January Job Gains Down Compared to Prior Three Months as Nonresidential Contractors Shed Employees; Slowdown May Reflect Broader Economic and Financial Market Uncertainty or Lack of Qualified Workers
Construction firms added 18,000 workers in January, as the industry’s unemployment rate declined to a 17-year low of 8.5 percent, according to an analysis of new government data by the Associated General Contractors of America. Association officials noted that the number of construction jobs added in January was down compared to the last three months of 2015 and could reflect either a slowdown in nonresidential construction activity or an inability of contractors to find qualified workers.
“While the construction industry continues to add jobs, the January figures mark a significant decline in the rate of growth compared to the end of last year,” said Ken Simonson, the association's chief economist. “It will take a few months to evaluate whether firms are running out of people to hire or if broader economic uncertainty is leading to a decline in demand for many types of construction services.”
Construction employment totaled 6,615,000 in January, the most since December 2008, and is up by 264,000 jobs compared to a year ago, a 4.2 percent increase. Residential construction increased by 20,100 in January and by 149,500, or 6.2 percent, compared to a year ago. Nonresidential construction employment declined by 2,300 jobs for the month but was up 115,000 jobs compared to last January, a 2.9 percent increase.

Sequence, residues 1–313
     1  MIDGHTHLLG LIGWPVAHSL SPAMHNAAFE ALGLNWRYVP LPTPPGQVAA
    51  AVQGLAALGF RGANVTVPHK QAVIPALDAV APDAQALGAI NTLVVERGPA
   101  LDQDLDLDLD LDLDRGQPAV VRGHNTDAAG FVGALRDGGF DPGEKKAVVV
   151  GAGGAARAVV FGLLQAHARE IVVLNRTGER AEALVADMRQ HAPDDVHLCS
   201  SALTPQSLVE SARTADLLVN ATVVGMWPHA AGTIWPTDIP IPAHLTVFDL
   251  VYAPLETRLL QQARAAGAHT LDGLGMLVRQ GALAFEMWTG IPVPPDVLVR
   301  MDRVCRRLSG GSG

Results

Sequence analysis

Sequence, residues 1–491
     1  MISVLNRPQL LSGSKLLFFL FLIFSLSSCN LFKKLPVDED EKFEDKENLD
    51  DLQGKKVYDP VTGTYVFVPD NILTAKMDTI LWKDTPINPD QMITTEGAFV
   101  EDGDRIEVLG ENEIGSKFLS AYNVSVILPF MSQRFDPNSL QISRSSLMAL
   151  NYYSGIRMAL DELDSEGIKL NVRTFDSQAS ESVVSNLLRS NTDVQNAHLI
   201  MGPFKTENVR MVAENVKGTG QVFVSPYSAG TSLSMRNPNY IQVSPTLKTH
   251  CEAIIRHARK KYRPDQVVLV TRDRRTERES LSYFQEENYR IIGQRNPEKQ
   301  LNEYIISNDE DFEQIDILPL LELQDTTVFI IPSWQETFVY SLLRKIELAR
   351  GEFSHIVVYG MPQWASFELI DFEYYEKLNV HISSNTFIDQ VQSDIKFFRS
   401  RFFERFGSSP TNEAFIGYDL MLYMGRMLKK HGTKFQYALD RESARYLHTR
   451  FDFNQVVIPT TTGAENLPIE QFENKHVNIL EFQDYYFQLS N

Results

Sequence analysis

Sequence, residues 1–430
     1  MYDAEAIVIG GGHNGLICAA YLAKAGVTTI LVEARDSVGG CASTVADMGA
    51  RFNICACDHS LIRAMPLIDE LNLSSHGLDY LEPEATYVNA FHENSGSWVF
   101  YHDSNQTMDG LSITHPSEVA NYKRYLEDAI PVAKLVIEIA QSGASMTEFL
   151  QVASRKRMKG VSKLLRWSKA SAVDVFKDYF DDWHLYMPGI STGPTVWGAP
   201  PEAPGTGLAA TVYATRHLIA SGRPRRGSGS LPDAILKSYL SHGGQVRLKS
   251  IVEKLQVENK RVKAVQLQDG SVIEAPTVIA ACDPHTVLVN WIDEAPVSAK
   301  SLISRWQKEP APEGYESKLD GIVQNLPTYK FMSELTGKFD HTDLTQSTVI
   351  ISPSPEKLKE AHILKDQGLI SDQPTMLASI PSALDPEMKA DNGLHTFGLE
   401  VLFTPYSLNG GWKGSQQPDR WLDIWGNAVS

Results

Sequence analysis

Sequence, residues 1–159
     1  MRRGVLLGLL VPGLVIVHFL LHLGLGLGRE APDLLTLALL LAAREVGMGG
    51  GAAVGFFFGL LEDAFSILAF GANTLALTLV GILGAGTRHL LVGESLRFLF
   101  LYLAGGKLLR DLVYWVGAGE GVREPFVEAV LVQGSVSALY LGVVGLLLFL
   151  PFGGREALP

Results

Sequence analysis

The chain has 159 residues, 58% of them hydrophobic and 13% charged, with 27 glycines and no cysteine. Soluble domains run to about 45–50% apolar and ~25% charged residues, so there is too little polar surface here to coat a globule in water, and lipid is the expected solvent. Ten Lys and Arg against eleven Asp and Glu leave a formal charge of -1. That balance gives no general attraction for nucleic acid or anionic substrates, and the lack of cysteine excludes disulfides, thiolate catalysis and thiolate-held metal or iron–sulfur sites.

The number of unemployed jobseekers in January who last worked in construction totaled 729,000. The unemployment rate for such workers was 8.5 percent. Both the number and the rate were the lowest January figures since the series were introduced in 2000. Meanwhile, Census Bureau data released on February 1 showed that construction spending experienced only slight growth between November and December, and has been limited to residential building. Nonresidential construction spending by both the private and public sectors has been flat or declining since July 2015.
Among nonresidential construction employment categories, only the nonresidential building segment added jobs in January, expanding by 5,300. But those gains were offset by a decline of 2,400 jobs in the nonresidential specialty trade contractors segment and a loss of 5,200 jobs in the heavy and civil engineering construction segment. Simonson noted that heavy and civil engineering construction employment should expand later this year as new federal investments in transportation and other infrastructure enacted last year begin to enter the market.
Association officials said they were encouraged by the fact the industry continues to expand at a brisk annual clip. They noted that the 4.2 percent increase in construction employment in the past 12 months was more than double the 1.9 percent growth in total nonfarm payroll employment. But they added that the drop in nonresidential construction employment for the month was cause for concern. After several months of robust construction employment growth, they cautioned that January’s market sell-offs and broader economic uncertainty may sap demand for construction.
“Hopefully the nonresidential construction sector is just experiencing a temporary slowdown while investors catch their breath,” said Stephen E. Sandherr, the association’s chief executive officer. “But if the broader economic recovery continues to slow, the construction industry will have a tough time expanding at the rates we saw late last year.”